Likewise, the jurors in this case only considered the evidence admitted at trial. Biggs testified that he surveyed the property and observed shoeprints on the inside and outside of the property. He testified that he took photographs, made a plaster cast of one of the impressions, and took custody of a pair of Patterson's shoes. All these items were admitted into evidence. The jury's measurement and comparison of the shoes with the photographs was not an improper experiment.
FOOTNOTE. This court heard oral argument on the issues raised in this appeal on November 29, 2000, and we want to express our appreciation to counsel for their presentations.
1. Patterson does not challenge the validity of the December 6, 1997 (Maciejewski case) search warrant that authorized the taking of his blood.
2. Electrophoresis involves placing DNA samples in a hole at the top of a gelatinous film. An electric charge is applied to the gel and DNA fragments move toward the bottom of the film leaving behind a molecular strand. A chemical treatment is applied and a nylon membrane is placed onto the gel. When the strands bind to the nylon membrane, another chemical or “genetic probe” is applied. The genetic probe seeks out and binds with DNA fragments along the strand. The membrane is then washed, irradiated, and placed on x-ray film. When the film is exposed, a pattern or “DNA fingerprint” is left for comparison. Thomas J. Fleming, Annotation, Admissibility of DNA Identification Evidence, 84 A.L.R.4th 313 (1991).
3. We recognize the growing privacy concerns surrounding the use and access to information retrieved from an individual's DNA by government entities and third parties. The view that DNA analysis is no different than traditional fingerprinting systems is becoming less palatable. DNA analysis provides unprecedented access into an individual's future physical and psychological health, the health of close relatives, and insight into paternity issues. Michelle Hibbert, DNA Databanks: Law Enforcement's Greatest Surveillance Tool?, 34 wake Forest L.Rev. 767 (1999). This access has raised serious concerns about genetic discrimination, and steps have been taken to limit the use of this information in employment and insurance coverage decisions. See Genetic Information Nondiscrimination in Health Insurance Act of 1999, h.R. 306, 106th Cong. (1999). There is also concern about how civil litigants might use DNA test results. A party could conceivably use ind. Trial Rule 35 to obtain a blood sample from the opposing party. If a subsequent DNA analysis reveals a predisposition to developing certain genetic disorders, these results might be used to prove or disprove the causation element in a negligence action involving exposure to a toxic substance, or be used in a medical malpractice action against a doctor's alleged failure to inform parents of the risks of having children with genetic defects. Roberta M. Berry, Genetic Enhancement in the Twenty First Century: Three Problems in Legal Imagining, 34 wake Forest L.Rev. 715 (1999). These are all issues that policy makers, legislators, and courts will have to wrestle with. At a minimum, it is clear that the results of DNA analysis provide extremely personal information about an individual. The acquisition or use of information obtained from DNA analysis by the government is certainly an intrusion into an individual's privacy under the Fourth Amendment, but the facts of this case show that the second DNA tests performed on Patterson's blood were not unreasonable searches.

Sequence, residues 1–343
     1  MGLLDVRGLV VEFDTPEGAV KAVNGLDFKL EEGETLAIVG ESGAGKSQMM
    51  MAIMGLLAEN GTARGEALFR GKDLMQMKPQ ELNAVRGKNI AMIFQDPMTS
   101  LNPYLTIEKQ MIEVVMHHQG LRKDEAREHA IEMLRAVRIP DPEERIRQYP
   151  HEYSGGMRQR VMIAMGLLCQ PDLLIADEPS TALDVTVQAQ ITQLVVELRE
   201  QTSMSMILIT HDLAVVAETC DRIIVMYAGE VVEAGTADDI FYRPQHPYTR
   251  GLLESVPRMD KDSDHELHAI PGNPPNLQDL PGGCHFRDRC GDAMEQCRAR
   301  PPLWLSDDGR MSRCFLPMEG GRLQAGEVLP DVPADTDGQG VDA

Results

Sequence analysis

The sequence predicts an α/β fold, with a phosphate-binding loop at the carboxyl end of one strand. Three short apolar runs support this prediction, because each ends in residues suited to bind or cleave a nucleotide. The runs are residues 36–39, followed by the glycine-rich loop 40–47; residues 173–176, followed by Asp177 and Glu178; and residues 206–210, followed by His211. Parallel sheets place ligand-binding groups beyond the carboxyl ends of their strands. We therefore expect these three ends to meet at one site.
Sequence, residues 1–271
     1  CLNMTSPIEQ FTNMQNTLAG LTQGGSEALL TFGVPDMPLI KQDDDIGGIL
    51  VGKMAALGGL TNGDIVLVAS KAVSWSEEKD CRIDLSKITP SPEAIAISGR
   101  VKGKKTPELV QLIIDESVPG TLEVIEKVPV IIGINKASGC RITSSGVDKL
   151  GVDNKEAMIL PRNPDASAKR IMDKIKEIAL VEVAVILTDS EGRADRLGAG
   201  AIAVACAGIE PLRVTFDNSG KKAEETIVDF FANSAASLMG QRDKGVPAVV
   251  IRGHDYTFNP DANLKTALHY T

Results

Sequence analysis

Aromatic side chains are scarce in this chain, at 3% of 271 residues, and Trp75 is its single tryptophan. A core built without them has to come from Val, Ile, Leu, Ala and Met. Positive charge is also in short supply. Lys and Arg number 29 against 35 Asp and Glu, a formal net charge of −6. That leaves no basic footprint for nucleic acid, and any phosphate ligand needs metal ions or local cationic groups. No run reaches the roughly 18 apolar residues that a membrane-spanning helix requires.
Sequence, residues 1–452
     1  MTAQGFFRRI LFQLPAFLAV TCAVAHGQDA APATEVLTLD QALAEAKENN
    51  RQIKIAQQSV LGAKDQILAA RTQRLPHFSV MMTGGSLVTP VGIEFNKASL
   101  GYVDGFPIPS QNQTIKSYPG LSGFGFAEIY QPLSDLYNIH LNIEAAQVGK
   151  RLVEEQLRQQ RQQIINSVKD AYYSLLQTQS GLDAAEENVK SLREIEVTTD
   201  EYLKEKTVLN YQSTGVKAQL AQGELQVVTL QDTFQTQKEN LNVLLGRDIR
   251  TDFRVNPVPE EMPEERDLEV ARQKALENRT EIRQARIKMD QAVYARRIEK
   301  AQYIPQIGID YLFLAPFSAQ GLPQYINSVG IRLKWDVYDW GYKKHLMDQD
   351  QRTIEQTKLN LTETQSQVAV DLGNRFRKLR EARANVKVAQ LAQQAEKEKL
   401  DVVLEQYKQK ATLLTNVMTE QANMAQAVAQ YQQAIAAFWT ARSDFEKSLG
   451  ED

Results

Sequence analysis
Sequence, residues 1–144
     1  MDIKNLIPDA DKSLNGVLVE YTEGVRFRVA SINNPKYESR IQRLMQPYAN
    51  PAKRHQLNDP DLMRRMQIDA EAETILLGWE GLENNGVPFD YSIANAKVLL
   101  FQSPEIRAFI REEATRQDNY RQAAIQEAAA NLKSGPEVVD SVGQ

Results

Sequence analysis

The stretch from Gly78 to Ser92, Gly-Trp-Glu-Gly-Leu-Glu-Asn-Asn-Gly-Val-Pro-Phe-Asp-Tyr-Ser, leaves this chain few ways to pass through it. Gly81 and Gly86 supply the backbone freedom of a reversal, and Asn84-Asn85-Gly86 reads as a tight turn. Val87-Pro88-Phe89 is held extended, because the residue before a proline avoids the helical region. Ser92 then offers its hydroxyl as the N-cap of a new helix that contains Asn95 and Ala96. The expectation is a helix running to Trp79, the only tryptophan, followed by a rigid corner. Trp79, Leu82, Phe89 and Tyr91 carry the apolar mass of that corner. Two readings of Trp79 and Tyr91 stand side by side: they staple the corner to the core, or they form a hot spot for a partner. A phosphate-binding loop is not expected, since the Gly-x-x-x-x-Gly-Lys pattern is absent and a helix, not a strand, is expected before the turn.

4. We do not address whether the testing of Patterson's DNA would pass constitutional muster under Article I, § 11 of the Indiana Constitution. During oral argument, Patterson briefly mentioned that his privacy interests were protected under our state constitution. However, he waives any consideration of that argument because he failed to object on that basis at trial and provide a separate legal analysis addressing state constitutional search and seizure jurisprudence. State v. Friedel, 714 N.E.2d 1231 (Ind.Ct.App.1999).
5. We did not reduce Patterson's conviction to residential entry, a non-DNA Database conviction, until June 14, 2000. Patterson, 729 N.E.2d 1035.
6. We are unable to determine from the record whether Patterson became a suspect in the Kirkland case before his DNA from the Maciejewski case was compared with the DNA taken from Kirkland's home. While the facts in this case support affirming the trial court's denial of Patterson's motion to suppress, we would encourage law enforcement officers to obtain warrants before conducting DNA tests on a suspect's bodily fluids. As we have noted earlier in this opinion, DNA testing is a search under the Fourth Amendment. “Under the Fourth Amendment, a warrantless search can only be justified by probable cause and one of the few, well-delineated exceptions to the warrant requirements, and the State carries the burden of proving that the action fell within one of the exceptions. Although an exception may justify proceeding without a warrant, it does not eliminate the need for probable cause.” Hanna v. State, 726 N.E.2d 384, 388 (Ind.Ct.App.2000).
7. It is unclear whether this is the same organization that accredits the Indiana State Police Laboratory.
FRIEDLANDER, J., and KIRSCH, J., concur.
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Docket No: No. 46A03-0003-CR-109.
Decided: December 18, 2000
Court: Court of Appeals of Indiana.